Total household debt was over $1.6 trillion higher than the previous peak in 2008 even before the full force of the coronavirus pandemic government shutdowns hit the economy.
Household debt increased by $155 billion (1.1%) in Q1 to a total of $14.3 trillion, according to the latest data released by the New York Fed. The previous peak was $12.68 trillion in the third quarter of ’08 in the early days of the financial crisis.
Mortgage balances make up the largest component of household debt. Mortgage debt rose by $156 billion in the first quarter to $9.71 trillion.
Non-housing debt was relatively flat through the first three months of the year. Student loan balances rose by another $27 billion to $1.54 trillion and auto loan debt increased by $15 billion. But credit card balances declined by $39 billion in Q1, driven by a steep $338 billion drop in March. This likely reflects the precipitous plunge in consumer spending as governments began to lock down their economies in the last two weeks of that month.
New York Fed VP Andrew Haughwout said it’s too early to tell if the steep drop in credit card balances was a result of the pandemic.
“It is critical to note that the latest report reflects a time when many of the economic effects of the COVID-19 pandemic were only starting to be felt. We do see a larger-than-expected decline in credit card balances based on past seasonal patterns, but it is too soon to confidently assess its connection to the pandemic.”
The drop in credit card borrowing in Q1 could also reflect the fact the Americans were close to maxing out their plastic before the pandemic. At the end of February, Americans owed nearly $1.1 trillion in credit card debt alone, but analysts had noted credit card borrowing seemed to be trending slightly lower through the waning months of 2019.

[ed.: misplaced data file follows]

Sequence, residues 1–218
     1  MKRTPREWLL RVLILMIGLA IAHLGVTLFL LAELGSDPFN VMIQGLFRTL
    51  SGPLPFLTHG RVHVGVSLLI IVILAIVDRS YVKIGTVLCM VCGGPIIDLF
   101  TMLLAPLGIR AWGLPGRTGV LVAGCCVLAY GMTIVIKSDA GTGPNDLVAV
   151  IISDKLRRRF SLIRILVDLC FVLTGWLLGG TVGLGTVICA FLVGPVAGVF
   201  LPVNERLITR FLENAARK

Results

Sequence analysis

Americans were driving the economy with borrowed money before coronavirus. At the end of 2019, total consumer debt stood at 19.3% of nominal GDP. This was the highest level ever. Even before coronavirus, we were asking how long the borrowing could keep going and warning that when it stopped, economic growth would likely stop along with it. Now the powers-that-be are depending on more borrowing to save the economy. People can only borrow so much. Credit cards have a limit.
And even if those limits get raised to deal with the crisis, the money all has to be paid back. If we’re borrowing trillions now, what does that mean for future economic growth as we try to pay the trillions back? We’re counting on consumers to fire up the spending machine again once the coronavirus lockdowns lift. But will that be possible with Americans already swimming in a pool of debt?
And that brings us to the final big problem. How will the Federal Reserve ever exit from the extraordinary monetary policy when everybody is buried in debt? I’ve already asked: what’s the exit strategy? The obvious answer is there isn’t one.
Building an economy on debt isn’t sustainable. As Peter Schiff put it in an interview last month, the economy was already a wreck before the pandemic.
“Nobody had saved anything for a rainy day. Well, take a look outside. It’s not only raining; it is pouring. And we’ve got nothing.”
During an appearance on RT Boom Bust last December, Peter was already painting a pretty gloomy picture of the American consumer.
“The consumer is completely levered up. He has record amounts of debt. And the only reason he can spend is because the Fed is keeping rates low enough so that credit continues to flow despite the lack of legitimate savings to finance it. So, this whole house of cards is going to come tumbling down and the consumer is going to be right in the center of that.”
Now the coronavirus has made things even worse. And the plan for cleaning up the mess seems to be piling more debt on top of a giant pile of debt.
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